Father’s Day is over, and I didn’t get this posted. But I realized it’s a metaphor for… … my own paternal situation.
My biological father Bill may have been – OK probably was – a deadbeat. He had a college education as a journalist and the good looks and charm to make it, even in competitive Los Angeles. But according to my mom Dorthy, he preferred going bowling to going to a job. She had to clean a rich woman’s house just to put food in the fridge. I don’t know if the part about Bill stopping by to visit her and stealing jewelry from the woman – who then blamed my mother and called the cops, who allowed my mom to call her father, who came to the house and broke Bill’s jaw, whereupon Bill confessed – was true. What I do know is that they divorced and she and I went to live with her father. Bill never paid child support. And years later, when she had moved me to her in-laws in Pennsylvania and then remarried, and I hadn’t seen my father for six years, Bill came home to his parents to die. He had cancer at 36, and he brought a hella lotta bowling trophies with him. Just not enough to put food on the table, I guess.
But I have a few sweet memories of him. After the divorce, he took me for occasional overnights. He’d pick me up on Saturday afternoon, often lifting me, squealing with excitement, out of my bath with a big towel. We went to the store where I was allowed to pick out breakfast rolls and a comic book. Then he took me to the bowling alley where I cheered mightily for him, no matter whether he had a strike or a gutter ball. He read me the comic book to put me to sleep, in the one bed in his single apartment, and re-read it in the morning while we ate our rolls. Then he took me to a park or a movie before returning me to my mom.
At 12, I didn’t realize immediately that he had come home to die. He talked about going back to school to become a teacher like his brother. We spent much of a summer at my grandparents’ cabin in the Pocono Mountains. He fished a lot. My favorite day was when he took me out with him in the row boat. He baited the hooks for me, and I finally did catch one trout. He caught many. We had a feast with our neighbors that night. He cleaned the trout (I couldn’t watch) and then pan-fried them in corn meal. It was one of the best meals I ever had. As his body shrank and death drew closer, I couldn’t watch that either. But the last words he spoke to me (croaked, really, as he could hardly talk) were “You’re so beautiful.” And I would always have those comic book mornings and that sun-dappled day in the boat.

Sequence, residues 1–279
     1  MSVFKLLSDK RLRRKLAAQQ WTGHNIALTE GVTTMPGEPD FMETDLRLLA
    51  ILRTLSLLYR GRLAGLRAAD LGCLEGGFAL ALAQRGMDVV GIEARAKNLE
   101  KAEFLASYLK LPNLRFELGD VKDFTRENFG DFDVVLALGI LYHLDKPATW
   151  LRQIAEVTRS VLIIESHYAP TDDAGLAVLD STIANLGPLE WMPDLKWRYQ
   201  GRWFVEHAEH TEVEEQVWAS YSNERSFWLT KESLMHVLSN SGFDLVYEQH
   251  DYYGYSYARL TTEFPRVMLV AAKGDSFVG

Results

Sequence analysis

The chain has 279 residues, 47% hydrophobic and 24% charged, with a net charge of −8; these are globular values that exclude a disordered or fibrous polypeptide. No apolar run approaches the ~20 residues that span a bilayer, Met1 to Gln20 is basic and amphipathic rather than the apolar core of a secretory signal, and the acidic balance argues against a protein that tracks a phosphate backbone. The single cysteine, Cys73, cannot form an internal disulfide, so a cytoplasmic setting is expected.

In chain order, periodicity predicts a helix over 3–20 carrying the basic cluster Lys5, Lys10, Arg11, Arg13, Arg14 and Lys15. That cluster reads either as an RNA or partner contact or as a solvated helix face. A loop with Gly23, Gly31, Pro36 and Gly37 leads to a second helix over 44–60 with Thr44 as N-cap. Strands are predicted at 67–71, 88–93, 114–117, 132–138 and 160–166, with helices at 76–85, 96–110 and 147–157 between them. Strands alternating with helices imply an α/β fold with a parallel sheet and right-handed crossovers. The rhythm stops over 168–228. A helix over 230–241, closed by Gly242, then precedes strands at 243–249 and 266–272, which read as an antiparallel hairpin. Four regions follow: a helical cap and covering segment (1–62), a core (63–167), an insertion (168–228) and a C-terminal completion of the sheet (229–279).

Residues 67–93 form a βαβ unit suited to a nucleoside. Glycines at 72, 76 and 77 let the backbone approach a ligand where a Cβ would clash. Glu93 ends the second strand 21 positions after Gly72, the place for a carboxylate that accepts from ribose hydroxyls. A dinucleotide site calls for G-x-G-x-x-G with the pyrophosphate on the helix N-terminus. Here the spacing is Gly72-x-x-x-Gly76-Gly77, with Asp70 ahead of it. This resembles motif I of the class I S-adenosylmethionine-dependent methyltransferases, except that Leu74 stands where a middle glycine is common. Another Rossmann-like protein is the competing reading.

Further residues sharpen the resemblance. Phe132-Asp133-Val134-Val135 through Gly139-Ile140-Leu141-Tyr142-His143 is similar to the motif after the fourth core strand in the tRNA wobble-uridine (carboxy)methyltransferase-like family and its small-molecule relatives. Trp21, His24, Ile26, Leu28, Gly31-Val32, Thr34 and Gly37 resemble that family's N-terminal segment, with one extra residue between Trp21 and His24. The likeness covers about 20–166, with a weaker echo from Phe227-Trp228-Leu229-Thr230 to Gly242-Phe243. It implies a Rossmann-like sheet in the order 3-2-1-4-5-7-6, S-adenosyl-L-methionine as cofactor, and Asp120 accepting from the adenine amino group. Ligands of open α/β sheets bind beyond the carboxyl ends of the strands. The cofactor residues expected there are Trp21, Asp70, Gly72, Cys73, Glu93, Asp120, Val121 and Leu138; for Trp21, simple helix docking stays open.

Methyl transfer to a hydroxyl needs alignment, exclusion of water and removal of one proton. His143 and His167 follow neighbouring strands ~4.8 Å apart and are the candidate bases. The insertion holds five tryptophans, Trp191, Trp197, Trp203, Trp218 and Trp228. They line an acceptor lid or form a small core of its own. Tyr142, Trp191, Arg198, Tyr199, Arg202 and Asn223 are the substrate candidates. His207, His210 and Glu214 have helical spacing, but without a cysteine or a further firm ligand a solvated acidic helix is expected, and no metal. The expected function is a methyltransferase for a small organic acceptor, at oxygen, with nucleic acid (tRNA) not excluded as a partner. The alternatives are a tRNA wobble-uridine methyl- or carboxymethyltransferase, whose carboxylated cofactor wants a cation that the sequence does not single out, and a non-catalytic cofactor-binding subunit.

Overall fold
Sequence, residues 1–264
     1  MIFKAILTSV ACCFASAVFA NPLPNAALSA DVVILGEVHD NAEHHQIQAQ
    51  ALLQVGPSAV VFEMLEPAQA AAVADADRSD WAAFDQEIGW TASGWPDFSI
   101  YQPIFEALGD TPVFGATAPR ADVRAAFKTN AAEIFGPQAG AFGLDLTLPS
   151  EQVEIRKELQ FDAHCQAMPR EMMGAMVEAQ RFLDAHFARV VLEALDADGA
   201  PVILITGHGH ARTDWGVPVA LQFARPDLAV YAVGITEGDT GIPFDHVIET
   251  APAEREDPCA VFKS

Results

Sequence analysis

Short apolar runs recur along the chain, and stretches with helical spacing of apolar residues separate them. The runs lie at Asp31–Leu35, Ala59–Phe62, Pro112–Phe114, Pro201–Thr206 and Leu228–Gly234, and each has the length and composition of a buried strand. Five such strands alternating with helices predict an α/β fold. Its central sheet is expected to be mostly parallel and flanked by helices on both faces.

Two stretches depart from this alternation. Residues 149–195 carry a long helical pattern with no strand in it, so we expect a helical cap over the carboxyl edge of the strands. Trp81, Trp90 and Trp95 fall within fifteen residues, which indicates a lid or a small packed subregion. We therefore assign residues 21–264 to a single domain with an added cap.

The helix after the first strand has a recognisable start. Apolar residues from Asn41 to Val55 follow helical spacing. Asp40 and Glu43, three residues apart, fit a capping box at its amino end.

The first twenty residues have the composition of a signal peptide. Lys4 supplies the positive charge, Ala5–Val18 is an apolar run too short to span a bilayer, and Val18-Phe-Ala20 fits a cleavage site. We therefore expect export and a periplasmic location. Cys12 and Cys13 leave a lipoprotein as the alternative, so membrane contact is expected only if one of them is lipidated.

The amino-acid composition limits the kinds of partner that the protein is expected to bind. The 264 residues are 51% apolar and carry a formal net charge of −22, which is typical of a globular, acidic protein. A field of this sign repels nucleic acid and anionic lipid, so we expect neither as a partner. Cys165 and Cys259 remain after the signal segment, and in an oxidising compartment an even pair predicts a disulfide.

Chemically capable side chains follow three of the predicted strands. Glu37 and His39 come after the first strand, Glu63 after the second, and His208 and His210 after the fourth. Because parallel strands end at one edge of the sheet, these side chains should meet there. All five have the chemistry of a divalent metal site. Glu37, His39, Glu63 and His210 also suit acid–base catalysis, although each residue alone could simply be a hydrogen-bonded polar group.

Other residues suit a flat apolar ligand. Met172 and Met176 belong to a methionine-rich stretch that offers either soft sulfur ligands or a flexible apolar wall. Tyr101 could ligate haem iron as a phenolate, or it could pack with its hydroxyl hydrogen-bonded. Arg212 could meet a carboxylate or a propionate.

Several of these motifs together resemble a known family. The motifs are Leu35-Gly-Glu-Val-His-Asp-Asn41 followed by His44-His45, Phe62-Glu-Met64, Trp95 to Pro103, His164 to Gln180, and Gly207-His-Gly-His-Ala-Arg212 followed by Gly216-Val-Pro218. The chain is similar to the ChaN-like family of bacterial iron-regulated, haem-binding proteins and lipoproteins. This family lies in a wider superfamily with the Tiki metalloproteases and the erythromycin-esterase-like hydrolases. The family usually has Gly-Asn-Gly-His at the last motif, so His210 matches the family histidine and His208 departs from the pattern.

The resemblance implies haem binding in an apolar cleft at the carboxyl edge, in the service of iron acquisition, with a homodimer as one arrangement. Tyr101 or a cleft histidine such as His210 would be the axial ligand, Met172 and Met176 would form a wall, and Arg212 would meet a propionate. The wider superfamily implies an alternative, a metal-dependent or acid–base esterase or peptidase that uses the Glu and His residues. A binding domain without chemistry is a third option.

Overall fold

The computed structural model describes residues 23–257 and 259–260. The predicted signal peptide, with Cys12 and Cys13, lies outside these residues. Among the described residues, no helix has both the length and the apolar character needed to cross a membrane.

My stepfather Jim was a high school teacher and basketball coach. My mom met him while we were living with her in-laws (before Bill moved there to get cancer treatment and then die). She settled into housewifery with Jim. They were trying to have another child, and there were several heartbreaking miscarriages and one soul-crushing death of a son the day after birth before my healthy sister was finally born. During those years, Jim paid only minimal attention to me. He never adopted me. To be honest, he was obsessed with sports and especially with his own teams, and then, after she came along, with my little sister. During the day, when he wasn’t working, he liked to take her out and about. At night, he could usually be found at the local Republican Club, hashing out his coaching strategies with an assortment of former players, assistant coaches and local geezers – which I think made for a pretty lonely marriage for my mother. Eventually she divorced him, too.
Here are the positives about my stepfather. He had a good work ethic, always kept a roof over our heads, and yes, food in the fridge (OK, there were the early Spam years, but they got better). With his late nights and depending on how much beer was consumed, I’m sure he often felt like calling in sick. But he almost never did. Just like Bill and the stolen jewelry, I never knew if the story that he punched out a friend who made a sexual comment about me when I was home from college was true, but I could imagine it. He was a strait-laced, traditional man, and even though he didn’t understand things like homosexuality, he stood up for a fellow teacher when the school board threatened to revoke his pension for having a gay relationship.
My best memories were much later, when he’d visit my home in Southern California. He finally treated me equal to my sister and talked to me as one would to the eldest child. On long walks with my dog, he spoke more personally than he ever had. The most meaningful thing he said to me was that he wished he had been a better husband and father. I’m old enough now to know how hard it is to live with mistakes that cannot be undone.
Here’s the kicker: My two fathers were brothers. One may have wanted to do better, but he didn’t, and then he ran out of time. My stepfather tried harder, but unfortunately, he made one more mistake before he died. He was proud of the money he had saved in order to leave something to my sister and me. But when he became sick, he gave too much power to a pretty, but unscrupulous, woman. She claimed (through her lawyer) that he wanted her to have that money. At least I knew my stepfather well enough to know that it wasn’t true. He wasn’t perfect, but he loved his daughters.
My mom with her current and future husbands –
I would love to know what is going on in those heads!